jordanrosenfeld

Duck the Wave: Fighting Overwhelm

In Business of Writing on September 10, 2009 at 9:11 pm

overwhelmed-lady-deskIf you freelance write, edit, or teach, you know all about overwhelm, which I call “the wave.” If you work and write on the side, or work and parent, or any combination therein, you also know about “the wave.” The wave is a combination of panic and terror that you cannot get it all done in the limited time you have to do it in, and you will shortly be screwed because you are on deadline, need the money, must reply to your students/clients, etc.

Here are some strategies for ducking the wave rather than letting it crash into you:

 

1. Write it ALL Down

You’ll begin to corrall the wave once you have a good look at all that’s expected of you. I don’t know about you but I tend to try to hold my entire year’s assignments/projects in my mind AT ONCE!  Depending on how you organize you may have an assignment/project board that you look at each day (I use an eraseable white board–highly recommended). A study was recently done that proved decluttering your brain of information was good for stress levels. Sometimes I just make a list of everything that feels as though it’s crowding my brain. Then I make a second smaller list of what I know I can do TODAY. The next day I may do it again. It’s incredibly anxiety relieving.

2. Break  Down

If I have a 300+ page edit to do, I can start feeling pretty overwhelmed. So I divide that project by the working hours in the time frame allotted before it’s due. That way when I get up to work that day I don’t have a 300-page behemoth to tackle, I have 25-50 pages. Much more manageable.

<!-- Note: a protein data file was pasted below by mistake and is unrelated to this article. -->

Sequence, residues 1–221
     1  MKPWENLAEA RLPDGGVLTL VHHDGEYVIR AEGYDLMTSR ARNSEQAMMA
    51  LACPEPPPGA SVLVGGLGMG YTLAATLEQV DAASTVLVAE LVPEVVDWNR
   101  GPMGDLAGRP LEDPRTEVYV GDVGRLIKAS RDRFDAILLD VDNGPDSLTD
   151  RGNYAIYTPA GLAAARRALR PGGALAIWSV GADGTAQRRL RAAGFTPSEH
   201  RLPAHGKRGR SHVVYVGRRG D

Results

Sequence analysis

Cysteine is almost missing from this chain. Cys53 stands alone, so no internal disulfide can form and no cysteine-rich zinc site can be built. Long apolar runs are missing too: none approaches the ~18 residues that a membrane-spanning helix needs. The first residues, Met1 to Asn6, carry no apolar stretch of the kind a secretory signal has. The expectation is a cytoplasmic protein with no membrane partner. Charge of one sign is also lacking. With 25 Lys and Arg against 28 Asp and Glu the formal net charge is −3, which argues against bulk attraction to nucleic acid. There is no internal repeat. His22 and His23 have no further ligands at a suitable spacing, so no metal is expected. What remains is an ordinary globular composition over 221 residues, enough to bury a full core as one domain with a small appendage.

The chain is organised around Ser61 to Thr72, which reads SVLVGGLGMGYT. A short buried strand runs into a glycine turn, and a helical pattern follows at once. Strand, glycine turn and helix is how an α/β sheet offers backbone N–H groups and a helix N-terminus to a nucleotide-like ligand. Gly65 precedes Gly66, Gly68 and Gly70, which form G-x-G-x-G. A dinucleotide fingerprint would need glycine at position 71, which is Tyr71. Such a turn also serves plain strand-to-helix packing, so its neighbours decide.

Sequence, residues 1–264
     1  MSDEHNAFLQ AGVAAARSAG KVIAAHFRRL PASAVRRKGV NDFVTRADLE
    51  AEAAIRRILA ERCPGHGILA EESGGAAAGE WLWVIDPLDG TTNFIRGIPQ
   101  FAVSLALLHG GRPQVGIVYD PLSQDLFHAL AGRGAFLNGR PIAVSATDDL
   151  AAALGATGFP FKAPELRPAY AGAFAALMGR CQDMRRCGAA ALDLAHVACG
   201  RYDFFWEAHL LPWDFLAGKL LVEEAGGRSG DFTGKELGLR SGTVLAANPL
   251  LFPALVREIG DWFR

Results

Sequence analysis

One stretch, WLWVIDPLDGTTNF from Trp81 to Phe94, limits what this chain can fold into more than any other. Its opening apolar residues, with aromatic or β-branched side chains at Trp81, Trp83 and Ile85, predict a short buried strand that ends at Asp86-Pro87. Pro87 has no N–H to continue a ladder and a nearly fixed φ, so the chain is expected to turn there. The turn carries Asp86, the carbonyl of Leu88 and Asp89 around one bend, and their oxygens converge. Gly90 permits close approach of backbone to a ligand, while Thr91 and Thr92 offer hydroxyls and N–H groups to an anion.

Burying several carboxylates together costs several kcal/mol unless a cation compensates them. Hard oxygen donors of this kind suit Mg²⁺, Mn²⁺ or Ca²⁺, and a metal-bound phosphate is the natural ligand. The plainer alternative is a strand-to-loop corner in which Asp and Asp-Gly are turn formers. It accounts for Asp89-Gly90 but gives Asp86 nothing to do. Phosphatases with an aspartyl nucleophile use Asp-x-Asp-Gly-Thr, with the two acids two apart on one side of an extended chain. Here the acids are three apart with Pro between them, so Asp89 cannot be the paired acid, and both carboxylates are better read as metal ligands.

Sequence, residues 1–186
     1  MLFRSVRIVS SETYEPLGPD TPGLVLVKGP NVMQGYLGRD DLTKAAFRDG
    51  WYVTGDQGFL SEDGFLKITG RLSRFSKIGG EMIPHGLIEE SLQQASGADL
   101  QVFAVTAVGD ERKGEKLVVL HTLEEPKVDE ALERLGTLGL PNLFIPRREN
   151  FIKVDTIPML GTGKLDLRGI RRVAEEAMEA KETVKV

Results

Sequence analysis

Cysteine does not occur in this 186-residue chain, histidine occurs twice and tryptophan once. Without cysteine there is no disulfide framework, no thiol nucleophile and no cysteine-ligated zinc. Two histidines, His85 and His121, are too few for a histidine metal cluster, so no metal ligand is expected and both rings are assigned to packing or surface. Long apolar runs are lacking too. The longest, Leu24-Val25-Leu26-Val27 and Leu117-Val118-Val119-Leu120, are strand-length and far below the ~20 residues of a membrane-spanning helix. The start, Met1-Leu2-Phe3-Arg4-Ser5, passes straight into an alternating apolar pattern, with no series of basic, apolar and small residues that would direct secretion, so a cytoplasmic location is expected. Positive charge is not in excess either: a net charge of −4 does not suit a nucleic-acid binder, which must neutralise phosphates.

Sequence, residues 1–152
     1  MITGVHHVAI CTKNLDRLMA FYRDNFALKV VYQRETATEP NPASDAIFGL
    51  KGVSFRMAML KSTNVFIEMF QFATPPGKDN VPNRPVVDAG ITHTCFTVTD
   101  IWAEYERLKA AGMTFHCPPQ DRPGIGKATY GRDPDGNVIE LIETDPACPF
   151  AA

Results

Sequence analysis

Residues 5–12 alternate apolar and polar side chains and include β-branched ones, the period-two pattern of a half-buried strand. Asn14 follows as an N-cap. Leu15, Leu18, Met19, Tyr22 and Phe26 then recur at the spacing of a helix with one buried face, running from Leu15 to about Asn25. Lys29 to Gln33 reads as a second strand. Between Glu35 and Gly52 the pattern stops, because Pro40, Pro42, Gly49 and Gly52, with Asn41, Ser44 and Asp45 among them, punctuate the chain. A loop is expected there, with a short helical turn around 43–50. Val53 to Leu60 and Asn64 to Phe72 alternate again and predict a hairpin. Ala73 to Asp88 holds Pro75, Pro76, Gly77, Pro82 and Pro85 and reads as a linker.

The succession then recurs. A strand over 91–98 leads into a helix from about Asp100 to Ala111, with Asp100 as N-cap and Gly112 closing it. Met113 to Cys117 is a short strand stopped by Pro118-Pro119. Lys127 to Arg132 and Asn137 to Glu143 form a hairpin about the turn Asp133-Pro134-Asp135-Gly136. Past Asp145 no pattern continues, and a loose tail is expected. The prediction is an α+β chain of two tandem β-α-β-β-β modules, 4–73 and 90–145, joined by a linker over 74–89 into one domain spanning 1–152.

3. Use email, social networking, reading of People Magazine online (guilty) as REWARDS for finishing your work.

Other than basic checking of email pertinent to work, save email and other online surfing for after you finish a project. If you’re like me and you have 3-4+ things to check off your list each day, then give yourself a brief reward after each project. Finished article? Find out if Brad and Angie are calling it quits. Edited 25 pages? Pop in for a quick tweet session, and so on. That way you both feel rewarded AND get work done.

4. Step Away From the Desk.

That’s right. Remember to get up, to stretch your legs, drink some water, refresh that cup of coffee and eat breakfast and lunch.  Sometimes the sheer act of moving away from all that’s rushing at you is enough to make you feel calm(er).

5. Tune Out

Timothy Leary may have suggested tuning in, but I’m here to tell you to tune out. If you’re teaching, or interviewing someone for an article or anything in person–TUNE OUT the other projects begging for your attention. Focus all your attention on the ONE thing at hand. This study proved that multi-tasking is a myth; you actually get less done. And people sense when you’re scattered. If you made a list, then breathe easy–you won’t forget what’s next. Actually, this goes for any project you’re working on. Do ONE THING AT A TIME. You’ll get far more done than trying to jiggle back and forth between several projects.

 

6. Breathe.

I’m a big fan of meditation, but not everyone can spend 15-30 minutes meditating in their work day. So try this little short-circuit trick: Close your eyes and take 10 deep breaths when you’re drowning or feel as though you might. It is amazing!

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  1. Great post, Jordan. I’m finally starting to learn some of this–#4 is still the hardest for me. I have to remind myself that just sitting there isn’t necessarily getting more done. A break is a necessary rest, PLUS increases productivity. 🙂

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